Everyone agrees, when starting a puzzle, you begin with the edges. You separate them into a pile, sort out the colors and put together the outline. But what is the next step? Do you sort by color, by shape, do you start with hardest or easiest? Looking at them laid out in front of you, how do you even begin to find any two pieces that fit together? At first, the puzzle seems impossible. But then, piece by piece, it begins to seem not only possible but inevitable.
When we arrived that afternoon, my sister and stepmom had already completed a thousand-piece jigsaw puzzle. It was placed carefully on the table by the balcony for us to admire. Another puzzle lay on the dining room table in pieces. Each piece had been placed face up. But not a single piece had been put together. Entering the apartment, tears already flowing down my cheeks, I felt all the feelings, layered on top of one another.
When I was a child, this was where my grandparents lived. Walking through these rooms I am constantly seeing two images in my mind, layered on top of one another. That is where my dad keeps his coats. The same closet where my grandmother kept hat boxes, each one filled with a beautiful creation I was not allowed to touch. This is my stepmom’s office, where she keeps souvenirs from all the trips they took together. This is the room where my grandfather smoked his pipes. This is the kitchen my husband helped remodel. This is where the same comic book strip hung throughout my childhood: faded and gray at the edges. What did it say? I remember the picture but not the caption since it made no sense to me as a child. This is where we sat through Passover Sedars that felt like they would never end. This is where we complete jigsaw puzzles while my dad naps. All of us crowded around, day after day, meticulously working.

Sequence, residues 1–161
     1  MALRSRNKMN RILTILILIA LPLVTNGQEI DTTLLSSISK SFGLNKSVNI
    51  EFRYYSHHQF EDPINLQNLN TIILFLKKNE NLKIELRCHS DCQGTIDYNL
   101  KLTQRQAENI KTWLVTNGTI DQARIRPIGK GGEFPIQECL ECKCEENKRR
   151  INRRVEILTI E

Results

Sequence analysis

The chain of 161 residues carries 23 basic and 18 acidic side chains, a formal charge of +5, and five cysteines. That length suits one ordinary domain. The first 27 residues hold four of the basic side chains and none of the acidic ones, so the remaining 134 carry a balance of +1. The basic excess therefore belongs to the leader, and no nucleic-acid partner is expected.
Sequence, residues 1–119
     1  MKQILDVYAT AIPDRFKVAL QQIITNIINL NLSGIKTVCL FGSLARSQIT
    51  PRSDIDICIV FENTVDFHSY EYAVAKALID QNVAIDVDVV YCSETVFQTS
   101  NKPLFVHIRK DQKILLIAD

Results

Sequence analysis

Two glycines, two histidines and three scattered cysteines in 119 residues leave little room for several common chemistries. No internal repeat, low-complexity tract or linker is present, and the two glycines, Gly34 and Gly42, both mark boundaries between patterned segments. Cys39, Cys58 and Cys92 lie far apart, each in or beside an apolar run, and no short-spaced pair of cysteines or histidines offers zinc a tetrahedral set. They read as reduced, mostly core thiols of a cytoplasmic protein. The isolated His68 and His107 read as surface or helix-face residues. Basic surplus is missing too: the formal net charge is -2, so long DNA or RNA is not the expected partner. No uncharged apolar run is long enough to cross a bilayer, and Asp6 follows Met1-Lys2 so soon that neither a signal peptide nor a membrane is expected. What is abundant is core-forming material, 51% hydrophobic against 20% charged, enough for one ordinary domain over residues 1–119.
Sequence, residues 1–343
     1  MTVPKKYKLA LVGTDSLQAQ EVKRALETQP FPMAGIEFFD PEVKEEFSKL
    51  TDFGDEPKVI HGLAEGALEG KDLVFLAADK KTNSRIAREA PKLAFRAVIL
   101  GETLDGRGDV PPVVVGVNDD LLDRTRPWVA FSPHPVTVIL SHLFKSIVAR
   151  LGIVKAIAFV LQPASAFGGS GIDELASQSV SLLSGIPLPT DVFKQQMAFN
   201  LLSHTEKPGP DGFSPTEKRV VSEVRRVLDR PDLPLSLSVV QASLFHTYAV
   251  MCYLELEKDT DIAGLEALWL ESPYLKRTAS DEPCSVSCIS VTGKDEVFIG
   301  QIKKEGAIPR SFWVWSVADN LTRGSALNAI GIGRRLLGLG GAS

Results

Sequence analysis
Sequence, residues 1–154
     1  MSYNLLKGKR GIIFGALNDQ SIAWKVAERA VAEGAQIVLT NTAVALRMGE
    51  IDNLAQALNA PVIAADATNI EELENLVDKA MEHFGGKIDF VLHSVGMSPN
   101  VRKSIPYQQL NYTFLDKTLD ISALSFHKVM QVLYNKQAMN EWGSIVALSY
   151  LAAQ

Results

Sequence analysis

The past two weeks with him in the hospital were hell. For all of us. But mostly for my dad, my stepmom and my sister who came for a short visit only to stay for an indeterminate amount of time. Those weeks were a rollercoaster. One day, he was recovering and soon to be discharged. The next day, the doctors were more concerned. Then my sister called me at work to say that he was being sent home on hospice. There would be no recovery. We should fly to Chicago immediately to see him.